It never failed. Late November into December, when my performing groups were approaching the final stages of concert preparation, one or more students would ask me, “Can you help me prepare a piece for my audition?” Most of the time it was for an early college audition, or an audition for a musical. “When is your audition, and what are you planning to sing?” were my first questions. The answer was predictable: “I’m not sure when it is, and I was hoping you could help me choose a song!”
Are you a band director yet you find yourself teaching chorus? In Part 1: Preparing Your Singers I discussed setting up and managing the choral room, breathing and warm-ups, and reading music. Now you’re ready for
Part 2: Choosing Music
When deciding which music to choose, consider the following questions:
Part 1: Preparing Your Singers
During my teaching career, I noticed that there were many music teachers who would have liked to have known more about teaching both band and chorus – perhaps in order to be considered for more job opportunities, but sometimes simply in order to DO or KEEP their current job.
One of the most frustrating experiences a music teacher or director can have is a concert audience that is disrespectful. Whether it is cell phones ringing during the performance, shouts from family members to their children on stage, slamming doors or crying infants, all of us have experienced people behaving badly in a concert setting.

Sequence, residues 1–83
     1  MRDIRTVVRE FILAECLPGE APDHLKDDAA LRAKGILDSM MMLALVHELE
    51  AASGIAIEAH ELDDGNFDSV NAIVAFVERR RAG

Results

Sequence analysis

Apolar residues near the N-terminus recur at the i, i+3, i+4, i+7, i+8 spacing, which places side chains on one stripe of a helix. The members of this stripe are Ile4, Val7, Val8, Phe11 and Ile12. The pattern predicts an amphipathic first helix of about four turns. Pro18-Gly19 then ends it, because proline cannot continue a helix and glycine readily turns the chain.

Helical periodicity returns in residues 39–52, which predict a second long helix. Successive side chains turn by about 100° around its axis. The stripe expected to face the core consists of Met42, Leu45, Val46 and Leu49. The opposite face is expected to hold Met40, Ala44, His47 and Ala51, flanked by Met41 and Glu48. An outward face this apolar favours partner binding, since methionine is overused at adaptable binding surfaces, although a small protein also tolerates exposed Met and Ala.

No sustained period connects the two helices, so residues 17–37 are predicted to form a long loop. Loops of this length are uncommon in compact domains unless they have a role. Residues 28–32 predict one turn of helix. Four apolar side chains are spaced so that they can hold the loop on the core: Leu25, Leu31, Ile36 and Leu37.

“Give me six hours to chop down a tree and I will spend the first four sharpening the axe.”
— Abraham Lincoln
“Now, go home and practice!” How many times have we as music teachers voiced those words to our students?
Much has been written about recruitment and retention for music programs. With the uptick in access to social media, there are even more opportunities to share and acquire new ideas every day.
Now that you have found some potential pieces and they fit the “who, what, when, where and why” of your practical considerations, what now? Consider the following additional questions:
In Part 1 we discussed practical considerations in choosing repertoire, such as the makeup of your performing group and the expectations of your intended audience. Now we’ll look at how to find appropriate literature:
Of the responsibilities that music teachers have, perhaps one of the most challenging is that of finding and choosing quality repertoire. With the amount of literature available for all types of ensembles, the task of selecting the best music for student ensembles has become somewhat daunting. Not only do we need to keep the capabilities and interests of our students in mind, but also our audiences; both parents and administrators alike!